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Tag: agents

Border Patrol Agents Accused of Sabotaging Water, Supplies for Migrants

By Steve Neavling
ticklethewire.com

Border Patrol agents routinely sabotage containers of water and other supplies placed in the Arizona desert to save the lives of thirsty migrants overcome by heat exhaustion and dehydration, according to two humanitarian groups.

The Tucson-based groups claim the agents are essentially delivering a death sentence to people trekking the dangerously hot landscape in a shameless effort to crack down on people who illegally cross into the U.S. from Mexico, the Guardian reports

Volunteers identified more than 400 vandalized water containers along an 800-square-mile patch of Sonoran desert near Tucson from March 2012 to December 2014, according to the report, published by No More Deaths and La Coalición de Derechos Humanos

The groups also accused Border Patrol agents of vandalizing food and blankets and intimidating human rights volunteers.

“Through statistical analysis, video evidence, and personal experience, our team has uncovered a disturbing reality. In the majority of cases, US border patrol agents are responsible for the widespread interference with essential humanitarian efforts,” the study found.

The study added, “The practice of destruction of and interference with aid is not the deviant behavior of a few rogue border patrol agents, it is a systemic feature of enforcement practices in the borderlands.”

Steve Passament, a border patrol spokesman in the Tucson sector, said the agency strongly opposes sabotaging humanitarian supplies and plans to discipline any agents who risk the lives of human beings.

Other Stories of Interest

Border Patrol Agents Tricked into Providing Protection for Convicted Drug Smuggler

By Steve Neavling
ticklethewire.com

Border Patrol agents are furious that they were tricked into providing “armed security for a cartel wedding” of a convicted drug smuggler who has been banned from Mexico.

The groom, Brian Houston, is awaiting sentencing after he was accused of smuggling large quantities of heroin, methamphetamine and cocaine in February.

“The agents are upset, feel like they were taken advantage of, feel like they were duped,” Joshua Wilson, vice president of the National Border Patrol Council Local 1613, told the San Diego Union-Tribune. “Turns out we provided armed security for a cartel wedding.”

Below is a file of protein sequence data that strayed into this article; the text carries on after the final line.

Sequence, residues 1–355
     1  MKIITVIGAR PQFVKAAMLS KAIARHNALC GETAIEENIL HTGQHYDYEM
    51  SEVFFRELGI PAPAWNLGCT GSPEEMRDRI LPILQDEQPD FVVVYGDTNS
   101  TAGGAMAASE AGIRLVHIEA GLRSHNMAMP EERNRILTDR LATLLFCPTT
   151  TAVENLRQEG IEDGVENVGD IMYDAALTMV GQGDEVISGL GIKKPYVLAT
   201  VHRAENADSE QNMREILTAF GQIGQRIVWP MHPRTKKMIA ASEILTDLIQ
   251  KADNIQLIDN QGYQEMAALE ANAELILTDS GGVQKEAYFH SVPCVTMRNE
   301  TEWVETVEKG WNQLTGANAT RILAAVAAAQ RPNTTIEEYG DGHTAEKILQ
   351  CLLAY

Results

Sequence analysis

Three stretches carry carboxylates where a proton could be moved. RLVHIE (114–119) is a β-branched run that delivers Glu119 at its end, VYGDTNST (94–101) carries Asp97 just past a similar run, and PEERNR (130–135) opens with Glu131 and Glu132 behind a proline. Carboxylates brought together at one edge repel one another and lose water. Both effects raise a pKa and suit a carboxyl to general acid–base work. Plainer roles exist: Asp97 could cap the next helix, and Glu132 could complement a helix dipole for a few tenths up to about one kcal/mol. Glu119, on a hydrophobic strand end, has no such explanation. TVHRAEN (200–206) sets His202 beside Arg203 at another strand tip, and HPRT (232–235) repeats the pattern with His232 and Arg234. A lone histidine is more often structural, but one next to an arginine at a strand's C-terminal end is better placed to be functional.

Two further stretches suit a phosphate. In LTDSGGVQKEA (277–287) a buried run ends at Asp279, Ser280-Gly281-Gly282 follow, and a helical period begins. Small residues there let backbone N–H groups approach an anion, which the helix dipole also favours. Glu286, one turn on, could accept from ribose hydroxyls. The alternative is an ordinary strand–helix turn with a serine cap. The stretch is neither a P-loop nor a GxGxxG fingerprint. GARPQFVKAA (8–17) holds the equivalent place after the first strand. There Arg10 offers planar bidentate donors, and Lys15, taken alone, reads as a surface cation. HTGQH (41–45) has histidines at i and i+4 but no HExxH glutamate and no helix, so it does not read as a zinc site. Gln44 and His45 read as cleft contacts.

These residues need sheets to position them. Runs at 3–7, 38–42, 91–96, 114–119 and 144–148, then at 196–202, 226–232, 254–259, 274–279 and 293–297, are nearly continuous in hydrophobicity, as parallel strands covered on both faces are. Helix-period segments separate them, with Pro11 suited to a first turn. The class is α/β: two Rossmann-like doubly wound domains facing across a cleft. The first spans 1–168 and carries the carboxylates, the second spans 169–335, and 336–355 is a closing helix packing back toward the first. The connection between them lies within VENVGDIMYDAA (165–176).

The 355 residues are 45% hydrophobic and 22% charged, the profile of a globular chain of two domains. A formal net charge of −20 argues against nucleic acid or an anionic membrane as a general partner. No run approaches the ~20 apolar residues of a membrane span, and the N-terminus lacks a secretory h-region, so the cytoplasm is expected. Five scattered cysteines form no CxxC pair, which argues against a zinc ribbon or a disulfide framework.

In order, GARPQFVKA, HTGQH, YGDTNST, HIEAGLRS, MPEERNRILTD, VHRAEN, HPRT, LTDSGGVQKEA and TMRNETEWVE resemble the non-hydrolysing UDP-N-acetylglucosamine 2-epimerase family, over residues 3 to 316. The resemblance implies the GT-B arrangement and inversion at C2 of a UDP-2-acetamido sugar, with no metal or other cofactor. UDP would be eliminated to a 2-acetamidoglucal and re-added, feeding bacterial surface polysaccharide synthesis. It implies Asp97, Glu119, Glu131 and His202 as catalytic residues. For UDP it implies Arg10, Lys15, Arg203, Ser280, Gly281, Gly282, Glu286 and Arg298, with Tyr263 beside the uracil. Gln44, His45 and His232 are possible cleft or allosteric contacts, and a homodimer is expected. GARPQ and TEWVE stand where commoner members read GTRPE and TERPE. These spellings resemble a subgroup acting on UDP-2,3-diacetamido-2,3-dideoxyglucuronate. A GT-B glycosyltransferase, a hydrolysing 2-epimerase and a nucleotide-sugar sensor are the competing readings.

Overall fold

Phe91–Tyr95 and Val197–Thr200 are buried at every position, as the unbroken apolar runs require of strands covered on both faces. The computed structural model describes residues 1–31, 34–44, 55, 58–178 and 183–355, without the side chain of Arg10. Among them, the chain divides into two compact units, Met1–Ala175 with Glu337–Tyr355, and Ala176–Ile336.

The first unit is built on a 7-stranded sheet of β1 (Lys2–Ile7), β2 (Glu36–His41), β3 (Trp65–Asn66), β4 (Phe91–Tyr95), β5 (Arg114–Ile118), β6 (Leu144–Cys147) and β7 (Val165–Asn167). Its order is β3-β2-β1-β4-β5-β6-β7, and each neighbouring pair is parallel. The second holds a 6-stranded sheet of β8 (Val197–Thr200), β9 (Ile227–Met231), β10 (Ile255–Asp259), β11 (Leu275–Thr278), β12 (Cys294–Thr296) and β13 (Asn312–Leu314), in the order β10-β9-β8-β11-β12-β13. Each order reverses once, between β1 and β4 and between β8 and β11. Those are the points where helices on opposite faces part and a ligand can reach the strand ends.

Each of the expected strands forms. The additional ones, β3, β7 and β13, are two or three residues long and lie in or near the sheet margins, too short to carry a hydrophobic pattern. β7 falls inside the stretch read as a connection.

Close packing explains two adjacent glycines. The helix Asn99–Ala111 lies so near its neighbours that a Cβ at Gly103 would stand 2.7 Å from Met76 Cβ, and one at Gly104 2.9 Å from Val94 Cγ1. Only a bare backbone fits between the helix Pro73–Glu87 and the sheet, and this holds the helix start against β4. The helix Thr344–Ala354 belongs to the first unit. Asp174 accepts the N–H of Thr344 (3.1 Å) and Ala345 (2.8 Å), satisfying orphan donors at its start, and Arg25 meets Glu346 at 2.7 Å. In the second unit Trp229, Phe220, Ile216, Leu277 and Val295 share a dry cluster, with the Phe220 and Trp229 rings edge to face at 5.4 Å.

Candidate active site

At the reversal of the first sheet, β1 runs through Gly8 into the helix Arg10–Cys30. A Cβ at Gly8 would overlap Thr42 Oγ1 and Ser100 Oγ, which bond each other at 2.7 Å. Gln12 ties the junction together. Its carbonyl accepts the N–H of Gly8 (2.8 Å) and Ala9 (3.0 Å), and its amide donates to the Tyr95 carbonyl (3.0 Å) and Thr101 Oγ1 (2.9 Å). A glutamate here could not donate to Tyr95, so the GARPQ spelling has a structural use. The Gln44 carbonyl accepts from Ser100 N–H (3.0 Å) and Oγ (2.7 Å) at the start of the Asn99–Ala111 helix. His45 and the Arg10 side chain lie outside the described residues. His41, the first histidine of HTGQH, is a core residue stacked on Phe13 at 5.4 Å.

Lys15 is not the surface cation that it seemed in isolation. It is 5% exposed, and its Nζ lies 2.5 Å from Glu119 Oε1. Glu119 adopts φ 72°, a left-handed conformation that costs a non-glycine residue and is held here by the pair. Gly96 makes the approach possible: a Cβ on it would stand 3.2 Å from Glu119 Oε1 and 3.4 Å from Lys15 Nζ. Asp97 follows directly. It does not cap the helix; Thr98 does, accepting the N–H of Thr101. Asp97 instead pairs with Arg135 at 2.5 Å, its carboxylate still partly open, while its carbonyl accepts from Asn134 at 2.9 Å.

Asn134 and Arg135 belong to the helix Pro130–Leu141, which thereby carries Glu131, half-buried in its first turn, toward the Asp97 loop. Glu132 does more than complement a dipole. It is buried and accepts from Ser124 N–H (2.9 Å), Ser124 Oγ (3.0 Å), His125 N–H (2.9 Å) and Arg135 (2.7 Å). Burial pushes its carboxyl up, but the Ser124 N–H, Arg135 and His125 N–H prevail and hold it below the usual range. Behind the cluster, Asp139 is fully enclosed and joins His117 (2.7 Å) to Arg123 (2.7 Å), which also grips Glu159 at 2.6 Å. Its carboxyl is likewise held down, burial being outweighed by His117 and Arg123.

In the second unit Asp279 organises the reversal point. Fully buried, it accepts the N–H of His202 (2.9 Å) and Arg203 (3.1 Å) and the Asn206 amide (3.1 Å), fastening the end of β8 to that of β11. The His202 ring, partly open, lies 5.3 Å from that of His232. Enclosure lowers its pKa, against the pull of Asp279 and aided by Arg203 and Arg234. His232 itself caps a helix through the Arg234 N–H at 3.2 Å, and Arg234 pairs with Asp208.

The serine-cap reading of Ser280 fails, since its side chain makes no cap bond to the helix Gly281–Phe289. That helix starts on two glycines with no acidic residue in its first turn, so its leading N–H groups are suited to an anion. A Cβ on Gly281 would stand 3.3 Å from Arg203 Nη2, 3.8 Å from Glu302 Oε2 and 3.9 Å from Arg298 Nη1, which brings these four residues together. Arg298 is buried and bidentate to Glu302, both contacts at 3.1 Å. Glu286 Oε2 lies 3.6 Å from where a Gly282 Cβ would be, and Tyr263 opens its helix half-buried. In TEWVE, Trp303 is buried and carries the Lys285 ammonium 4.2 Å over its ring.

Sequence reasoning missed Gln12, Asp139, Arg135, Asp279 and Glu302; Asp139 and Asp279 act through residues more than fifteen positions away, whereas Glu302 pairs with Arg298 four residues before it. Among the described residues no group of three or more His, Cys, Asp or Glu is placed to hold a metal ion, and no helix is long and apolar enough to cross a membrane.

The wedding took place at steel border gate that enables people who cannot cross the border to meet for about three minutes each.

“It’s a statement that love has no borders,” Houston told the newspaper.

A Border Patrol screening did not show any criminal activity, so agents were unaware they were protecting a convicted drug smuggler.

Other Stories of Interest

FBI Agents Strike Back Against Trump’s Attacks on Bureau

FBI photo

By Steve Neavling
ticklethewire.com

Active and retired FBI agents are not shying away from President Trump’s continuing rhetoric that the bureau’s “reputation is in tatters.”

“Attacks on our character and demeaning comments will not deter Agents from continuing to do what we have always done—dedicate our lives to protecting the American people,” the FBI Agents Association, FBIAA, said in a statement on Tuesday, without mentioning Trump by name, Fortune reports.

On Dec. 3, Trump tweeted about the FBI: “After years of Comey, with the phony and dishonest Clinton investigation (and more), running the FBI, its reputation is in Tatters – worst in History! But fear not, we will bring it back to greatness.”

The FBI Agents Association listed hundreds of cases that have been solved by hard-working agents to make the country safer.

“Controversies of the day fade, but the sworn duty of Special Agent endures,” the statement reads. “Special Agents are focused on the Constitution and protecting the public. Their works should be recognized, not denigrated.”

Border Patrol Agent’s Death Remains a Mystery a Month Later

Border Patrol Agent Rogelio Martinez was found dead at the bottom of a ravine in west Texas.

By Steve Neavling
ticklethewire.com

The troubling, mysterious death of a Border Patrol agent and the serious injuries of his partner have remained unsolved a month after Agent Rogelio “Roger” Martinez was found dead near Van Horn, Texas.